I wouldn’t pay two plug nickels to watch the Klitschko’s fight. However, they are the best guys out there. They have identified their style, they have identified their weaknesses and strengths and they are able to tangibly put those things to work every time they get into the ring. They need to work on the mental aspect, the older one is the strongest, but he can be taken to a weak place if you get past his right hand punching power. The older one is stronger mentally but the younger one can still be taken to a weak place. If you can get past his long range, he controls range well, and if you get close to him he is not embarrass to hold you, kind of like holding your girlfriend. It’s smart for him being that he knows his weaknesses but it is not something I would pay to watch, not something that I would plan my day around. There are very few heavyweights between the brothers, very few heavyweights that you can count on to deliver a good fight.

DT – How about the all time P4P list?

TA –
Hmm let me think, this list would be in no particular order of greatness just my best or favorite fighters. I had the privilege or luxury of watching all the past fighters because I worked for Cus D’Amato and he had a huge library of tapes of the past greats. ESPN now owns the tapes.

Henry Armstrong – Here is a guy that was a beast of a man just a monster. He held three different weight classes and was robbed out of the middleweight title. This was when there were only eight weight divisions.

Sam Langford - They called him the Boston Tar Baby, here’s a guy that couldn’t get a fair shake in this country he fought at a time blacks were looked at as second class citizens. He fought everybody there was, he had over 300 fights. He had about 130 knockouts. He fought everyone from lightweight to heavyweight. I understand that there were lots of catch weight fights in those days but he still fought them all.

Sugar Ray Leonard – He was a great fighter a bulldog when he needed to be one. He was fast and strong and took on all comers.

Roberto Duran - One of my favorite fighters when he was a lightweight a monster that kept on fighting lots of heart.

Pernell Whitaker – You had to admire him as a fighter to win in all those weight classes took all his skills. He fought all the good fighters right out of the gate.

Willie Pep – Will of the wisp, he was one of the greatest featherweights of all time. Had over 300 fights. This was during a time when there were lots of good fighters. He didn’t have the physical ability to hit hard but he embraced a technique that worked for him. There are legendary stories about him having won a round without throwing a punch. Having said all that………

Sandy Saddler – doesn’t get enough credit. He beat Willie in like three out of four fights by knockouts. He was one freak’ in featherweight, he was big and strong and could punch like a mule. A lot of times when we talk about great featherweights we forget about Sandy Saddler.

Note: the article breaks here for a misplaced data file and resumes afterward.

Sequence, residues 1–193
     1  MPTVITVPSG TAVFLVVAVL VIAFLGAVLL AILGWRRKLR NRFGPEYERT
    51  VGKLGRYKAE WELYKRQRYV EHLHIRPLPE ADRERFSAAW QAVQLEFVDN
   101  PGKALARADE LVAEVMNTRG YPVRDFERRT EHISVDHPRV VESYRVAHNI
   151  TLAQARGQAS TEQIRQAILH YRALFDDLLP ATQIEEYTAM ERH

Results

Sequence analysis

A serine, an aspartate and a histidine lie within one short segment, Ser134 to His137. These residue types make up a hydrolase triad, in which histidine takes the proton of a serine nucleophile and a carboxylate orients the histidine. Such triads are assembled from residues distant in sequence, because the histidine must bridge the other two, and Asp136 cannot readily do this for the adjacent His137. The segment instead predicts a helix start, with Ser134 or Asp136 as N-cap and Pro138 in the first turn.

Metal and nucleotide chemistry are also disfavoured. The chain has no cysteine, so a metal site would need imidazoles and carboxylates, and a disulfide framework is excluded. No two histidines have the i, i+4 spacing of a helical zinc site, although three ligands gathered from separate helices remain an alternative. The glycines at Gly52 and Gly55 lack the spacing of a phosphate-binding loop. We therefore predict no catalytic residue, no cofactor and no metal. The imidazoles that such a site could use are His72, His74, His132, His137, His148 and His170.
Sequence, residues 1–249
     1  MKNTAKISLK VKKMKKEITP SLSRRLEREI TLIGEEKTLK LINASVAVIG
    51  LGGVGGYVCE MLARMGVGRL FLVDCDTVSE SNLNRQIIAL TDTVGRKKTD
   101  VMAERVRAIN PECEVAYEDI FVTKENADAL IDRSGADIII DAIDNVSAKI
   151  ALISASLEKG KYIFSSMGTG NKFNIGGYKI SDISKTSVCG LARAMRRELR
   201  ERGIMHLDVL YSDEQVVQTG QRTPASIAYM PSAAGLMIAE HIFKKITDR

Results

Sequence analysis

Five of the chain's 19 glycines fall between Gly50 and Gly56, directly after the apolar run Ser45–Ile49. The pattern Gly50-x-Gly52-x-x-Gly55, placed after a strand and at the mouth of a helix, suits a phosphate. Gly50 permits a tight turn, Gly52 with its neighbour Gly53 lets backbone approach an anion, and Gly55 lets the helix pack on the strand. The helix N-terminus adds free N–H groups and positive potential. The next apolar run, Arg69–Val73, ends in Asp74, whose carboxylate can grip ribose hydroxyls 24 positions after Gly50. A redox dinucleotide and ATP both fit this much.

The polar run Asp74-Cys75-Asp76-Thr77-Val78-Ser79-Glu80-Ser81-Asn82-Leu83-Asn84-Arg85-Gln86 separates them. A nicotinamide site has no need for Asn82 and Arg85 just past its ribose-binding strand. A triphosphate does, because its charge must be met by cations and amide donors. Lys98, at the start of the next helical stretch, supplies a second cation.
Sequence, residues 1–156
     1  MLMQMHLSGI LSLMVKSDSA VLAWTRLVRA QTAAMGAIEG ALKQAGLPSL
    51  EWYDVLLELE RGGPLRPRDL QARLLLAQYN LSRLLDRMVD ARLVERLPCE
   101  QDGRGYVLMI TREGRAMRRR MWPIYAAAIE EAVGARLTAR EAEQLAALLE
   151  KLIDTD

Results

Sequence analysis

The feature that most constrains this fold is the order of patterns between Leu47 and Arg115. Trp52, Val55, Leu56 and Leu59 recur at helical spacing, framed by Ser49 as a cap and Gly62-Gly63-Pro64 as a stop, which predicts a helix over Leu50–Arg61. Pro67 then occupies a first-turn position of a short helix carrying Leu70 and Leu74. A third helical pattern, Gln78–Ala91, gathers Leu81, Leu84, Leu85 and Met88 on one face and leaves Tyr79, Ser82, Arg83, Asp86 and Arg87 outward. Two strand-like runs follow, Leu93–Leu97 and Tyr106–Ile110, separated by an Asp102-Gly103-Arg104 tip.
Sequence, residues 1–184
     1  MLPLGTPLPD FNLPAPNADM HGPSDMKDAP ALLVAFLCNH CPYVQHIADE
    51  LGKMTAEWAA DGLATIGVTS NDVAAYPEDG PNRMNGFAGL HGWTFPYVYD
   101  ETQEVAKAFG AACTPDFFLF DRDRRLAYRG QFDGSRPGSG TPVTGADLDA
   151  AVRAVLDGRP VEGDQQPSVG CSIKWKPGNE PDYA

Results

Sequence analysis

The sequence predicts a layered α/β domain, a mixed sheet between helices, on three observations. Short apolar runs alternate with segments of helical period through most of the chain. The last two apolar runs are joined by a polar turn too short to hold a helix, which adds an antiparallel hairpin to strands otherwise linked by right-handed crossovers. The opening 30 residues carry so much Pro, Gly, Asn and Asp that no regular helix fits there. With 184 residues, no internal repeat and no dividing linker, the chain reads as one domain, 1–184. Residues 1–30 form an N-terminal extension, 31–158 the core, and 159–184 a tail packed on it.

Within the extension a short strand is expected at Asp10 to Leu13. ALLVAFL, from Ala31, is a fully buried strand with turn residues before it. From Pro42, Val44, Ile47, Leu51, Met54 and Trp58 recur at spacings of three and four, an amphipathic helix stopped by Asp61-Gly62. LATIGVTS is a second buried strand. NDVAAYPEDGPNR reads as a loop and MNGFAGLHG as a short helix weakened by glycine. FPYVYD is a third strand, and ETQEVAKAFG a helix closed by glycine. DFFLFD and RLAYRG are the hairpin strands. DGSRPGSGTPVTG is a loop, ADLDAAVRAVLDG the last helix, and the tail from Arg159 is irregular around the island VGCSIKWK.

Sugar Ray Robinson – He fought all the best. You have to love all the fighters from that era. Not like today where you can pick and choose. Robinson was around with all those great fighters, and to beat a guy like Jake LaMotta five out of six shows a lot about the guy. Great puncher, great hand speed, he was a pioneer. If there was any shortcoming about the great Sugar Ray Robinson it was that he was a little too easy to hit but he probably had the greatest chin ever.

Joe Louis – A textbook fighter who also fought during a tough time for blacks he held the championship over ten years. Maybe he fought a little too long a lot of people only remember the Marciano fight but that was not Joe during his prime when it would have been a much better fight.

Muhammad Ail – I say this even though there are other heavyweights of his era that were great also. I say this because of what he meant to the sport socially, athletically, his accomplishments both inside and outside the ring. He never failed to seize the moment.

DT – Teddy, thank you very much for this interview. By the way, I am sure your humanitarian work through the Dr. Teddy Atlas foundation gives you more pleasure than anything accomplished in the ring?

TA –
That’s for sure. We keep fighting the good fight. I appreciate all the notes and letters I receive through the foundation. I hope you don’t take it personally what I said about writers during the beginning of this interview.

DT – No problem, I’m an amateur but I know it. Is there anything I help you with other than a monetary donation to your foundation? (***See Website:

TA –
Yes, you could do an article on your website about the Foundation.

DT – Consider it done. Can I call you again if I have more questions?

TA –
Of course, David anytime, you have my number.

Readers: Wow, Teddy sure knows boxing. Thank you for reading both parts of this interview. Let me know who should be my next interview. God Bless.

Click here for part one. I answer all e-mails so please let me know your thoughts. Please e-mail me at

David Tyler